Review: Mandela: Long Walk to Freedom

Mandela: Long Walk to Freedom
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The life and times of Nelson Mandela (Idris Elba)- from his early years as a lawyer in South Africa, to his involvement with the ANC (African National Congress) through his twenty-seven years in prison, to his eventual release and election as the first black president of South Africa.


MANDELA: LONG WALK TO FREEDOM is certainly a well-timed film. Tragically, the London debut of the long-gestating biopic coincided exactly with Nelson Mandela’s death- after a long illness- at the ripe old age of ninety-five. Truly, Mandela is one of the giants of our time, with his struggle against the racist apartheid government of South Africa being an inspiration to us all.

Director Justin Chadwick (THE OTHER BOLEYN GIRL) has churned out a perfectly serviceable tribute to the great man, even if it falls short of being the revelatory biopic Mandela’s worthy of. It’s based on Mandela’s autobiography, ‘Long Walk to Freedom’ and if the big-screen version has a major fault it’s that it doesn’t quite capture the urgency or poignancy of the book. The script by William Nicholson tries to paint a refreshingly three-dimensional portrait of the leader, with it already garnering some controversy over the fact that Mandela in his youth is portrayed as something of a womanizer, cheating on his first wife (which he denies in his book). He’s also seen as initially reluctant to join the ANC, with him enjoying success as a lawyer even if he has to constantly deal with racist taunts and condescension from the ruling Afrikaner minority.

While I have no idea whether or not this is factually accurate, it does help humanize Mandela, who’s played by Idris Elba in a stunning performance. Elba’s always been particularly gifted with accents. I remember being shocked upon hearing Elba speak in his normal English accent on LUTHER as he was so convincing as Stringer Bell on THE WIRE that no one would have ever thought he wasn’t American. Here, he does an incredible job mimicking Mandela’s voice and mannerisms, from his earlier more physically imposing days (when Mandela dabbled in boxing) to his later years. He doesn’t look all that much like Mandela, but Elba’s performance is good enough that he’s still utterly convincing in the part.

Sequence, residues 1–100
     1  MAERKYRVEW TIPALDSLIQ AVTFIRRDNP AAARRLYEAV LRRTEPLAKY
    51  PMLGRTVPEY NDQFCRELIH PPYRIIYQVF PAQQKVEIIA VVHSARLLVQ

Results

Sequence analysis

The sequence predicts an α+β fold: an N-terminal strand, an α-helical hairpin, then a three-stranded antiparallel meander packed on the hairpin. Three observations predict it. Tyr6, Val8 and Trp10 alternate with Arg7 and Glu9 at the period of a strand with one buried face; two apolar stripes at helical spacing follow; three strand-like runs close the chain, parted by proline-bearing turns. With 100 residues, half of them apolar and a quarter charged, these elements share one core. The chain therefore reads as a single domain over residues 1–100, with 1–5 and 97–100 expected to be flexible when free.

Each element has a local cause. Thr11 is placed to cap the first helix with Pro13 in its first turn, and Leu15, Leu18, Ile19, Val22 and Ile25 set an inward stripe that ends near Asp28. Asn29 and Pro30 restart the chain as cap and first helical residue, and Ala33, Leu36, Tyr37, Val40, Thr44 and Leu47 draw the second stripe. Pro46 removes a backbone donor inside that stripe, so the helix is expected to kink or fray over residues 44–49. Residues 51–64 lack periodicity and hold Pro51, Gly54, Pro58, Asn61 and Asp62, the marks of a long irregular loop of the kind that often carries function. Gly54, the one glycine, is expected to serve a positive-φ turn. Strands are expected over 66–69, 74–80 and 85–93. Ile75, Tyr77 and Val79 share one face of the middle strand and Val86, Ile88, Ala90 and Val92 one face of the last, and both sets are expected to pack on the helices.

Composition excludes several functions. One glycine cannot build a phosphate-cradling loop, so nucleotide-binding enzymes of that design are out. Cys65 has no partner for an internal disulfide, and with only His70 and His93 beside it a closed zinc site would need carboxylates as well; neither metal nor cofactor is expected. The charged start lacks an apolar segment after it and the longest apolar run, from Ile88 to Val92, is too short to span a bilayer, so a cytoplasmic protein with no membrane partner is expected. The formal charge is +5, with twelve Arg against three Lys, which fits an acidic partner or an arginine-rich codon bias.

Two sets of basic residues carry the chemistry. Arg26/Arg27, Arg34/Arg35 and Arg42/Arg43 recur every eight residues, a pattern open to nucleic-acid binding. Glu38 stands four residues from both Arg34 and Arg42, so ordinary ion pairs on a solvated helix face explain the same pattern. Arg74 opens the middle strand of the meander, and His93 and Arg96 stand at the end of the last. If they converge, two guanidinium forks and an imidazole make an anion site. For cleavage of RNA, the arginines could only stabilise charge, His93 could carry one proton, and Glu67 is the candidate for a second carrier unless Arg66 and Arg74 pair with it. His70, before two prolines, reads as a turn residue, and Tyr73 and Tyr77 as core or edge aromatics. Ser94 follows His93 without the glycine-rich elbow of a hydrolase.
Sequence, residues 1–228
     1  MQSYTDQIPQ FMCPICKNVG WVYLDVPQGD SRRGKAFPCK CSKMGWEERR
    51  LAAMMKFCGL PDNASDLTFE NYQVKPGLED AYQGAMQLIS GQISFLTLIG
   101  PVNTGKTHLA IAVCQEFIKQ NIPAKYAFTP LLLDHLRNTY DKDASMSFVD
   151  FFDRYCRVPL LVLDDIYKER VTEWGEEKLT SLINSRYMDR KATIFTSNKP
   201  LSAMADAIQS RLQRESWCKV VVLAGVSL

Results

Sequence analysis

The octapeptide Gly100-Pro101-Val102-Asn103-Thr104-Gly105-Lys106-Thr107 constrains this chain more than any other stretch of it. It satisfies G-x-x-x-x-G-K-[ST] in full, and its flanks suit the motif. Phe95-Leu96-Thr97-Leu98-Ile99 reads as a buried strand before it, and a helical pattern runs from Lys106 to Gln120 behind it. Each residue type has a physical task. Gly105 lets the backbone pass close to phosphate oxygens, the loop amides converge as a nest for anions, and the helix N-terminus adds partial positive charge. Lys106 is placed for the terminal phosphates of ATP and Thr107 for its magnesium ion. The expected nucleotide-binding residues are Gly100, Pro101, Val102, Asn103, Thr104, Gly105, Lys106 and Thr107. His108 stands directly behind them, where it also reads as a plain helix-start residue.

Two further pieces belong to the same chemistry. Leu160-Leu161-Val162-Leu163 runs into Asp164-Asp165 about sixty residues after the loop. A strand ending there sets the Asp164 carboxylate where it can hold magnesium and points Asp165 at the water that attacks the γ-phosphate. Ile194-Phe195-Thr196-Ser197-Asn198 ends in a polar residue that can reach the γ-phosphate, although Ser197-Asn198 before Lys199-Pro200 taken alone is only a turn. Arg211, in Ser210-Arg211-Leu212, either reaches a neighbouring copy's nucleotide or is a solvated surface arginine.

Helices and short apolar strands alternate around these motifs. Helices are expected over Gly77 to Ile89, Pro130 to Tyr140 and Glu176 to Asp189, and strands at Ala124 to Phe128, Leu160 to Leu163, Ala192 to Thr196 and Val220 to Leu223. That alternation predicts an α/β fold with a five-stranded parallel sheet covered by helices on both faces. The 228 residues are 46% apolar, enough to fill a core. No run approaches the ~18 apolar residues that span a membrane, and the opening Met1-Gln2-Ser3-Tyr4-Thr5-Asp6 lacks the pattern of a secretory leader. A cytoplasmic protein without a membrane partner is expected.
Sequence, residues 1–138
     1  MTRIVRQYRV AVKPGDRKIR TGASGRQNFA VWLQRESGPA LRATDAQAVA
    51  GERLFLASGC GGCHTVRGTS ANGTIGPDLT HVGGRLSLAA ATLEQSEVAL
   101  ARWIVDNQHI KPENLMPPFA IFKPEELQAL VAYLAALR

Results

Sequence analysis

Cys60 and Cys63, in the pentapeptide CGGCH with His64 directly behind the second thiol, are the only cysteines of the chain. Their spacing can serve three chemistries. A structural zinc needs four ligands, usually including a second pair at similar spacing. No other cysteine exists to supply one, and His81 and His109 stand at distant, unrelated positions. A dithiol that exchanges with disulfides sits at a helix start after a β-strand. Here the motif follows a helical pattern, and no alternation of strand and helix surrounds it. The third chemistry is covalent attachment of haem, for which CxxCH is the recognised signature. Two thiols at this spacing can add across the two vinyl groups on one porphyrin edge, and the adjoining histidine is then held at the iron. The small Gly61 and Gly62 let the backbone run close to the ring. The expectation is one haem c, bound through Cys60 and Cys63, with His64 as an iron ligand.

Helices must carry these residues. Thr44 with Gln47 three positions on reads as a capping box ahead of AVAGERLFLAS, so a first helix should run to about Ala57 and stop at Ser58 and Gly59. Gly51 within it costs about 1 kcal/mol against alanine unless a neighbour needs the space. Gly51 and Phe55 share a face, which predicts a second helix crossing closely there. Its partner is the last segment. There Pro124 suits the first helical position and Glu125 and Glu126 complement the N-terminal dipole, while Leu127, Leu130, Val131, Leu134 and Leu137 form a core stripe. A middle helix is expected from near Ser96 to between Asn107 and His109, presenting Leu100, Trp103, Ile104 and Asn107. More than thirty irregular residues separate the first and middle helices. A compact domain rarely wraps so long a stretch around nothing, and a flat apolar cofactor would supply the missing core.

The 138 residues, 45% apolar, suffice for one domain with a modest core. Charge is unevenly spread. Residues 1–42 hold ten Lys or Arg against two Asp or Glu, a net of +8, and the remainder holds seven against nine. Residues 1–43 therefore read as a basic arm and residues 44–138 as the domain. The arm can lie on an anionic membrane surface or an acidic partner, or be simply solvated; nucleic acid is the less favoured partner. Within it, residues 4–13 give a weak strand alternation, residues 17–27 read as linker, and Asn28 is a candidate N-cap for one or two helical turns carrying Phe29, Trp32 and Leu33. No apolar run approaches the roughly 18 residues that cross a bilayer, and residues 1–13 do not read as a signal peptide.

Naomie Harris (who worked with director Chadwick on THE FIRST GRADER) is particularly good as Mandela’s wife Winnie, whose own role in the fight against apartheid has made her a controversial figure. In the years since their separation, Winnie’s been demonized by some, and celebrated by others, and LONG WALK TO FREEDOM tries to portray her in as balanced a way as they can. While she’s certainly depicted as someone more consumed by hatred than her husband, Harris’ performance never allows her to be portrayed in a simplistic fashion. Harris’ does a good job conveying the shift from idealistic youth to a woman constantly harassed and beaten by the ruling Afrikaners while not even being able to see her husband for years at a time. Winnie’s later actions aren’t necessarily excused, but Harris’ performance helps you understand her perspective.

Yet, while there are a lot of laudatory things about LONG WALK TO FREEDOM, outside the performances it still feels a bit flat. Mandela’s story is amazing, but this feels more like a condensed miniseries than a full-fledged feature, and there have been better movies made about apartheid (CRY FREEDOM, CATCH A FIRE, etc). MANDELA has one real failing it’s that it feels like there’s a better film still to be made about the man. For a truly dramatic take on his life and times, it doesn’t begin to compare with Mandela’s own book. Still, this is a noble attempt, and certainly a better treatment than the recent WINNIE. For Elba and Harris’ performances alone, this is still a must-see.

Source: JoBlo.com

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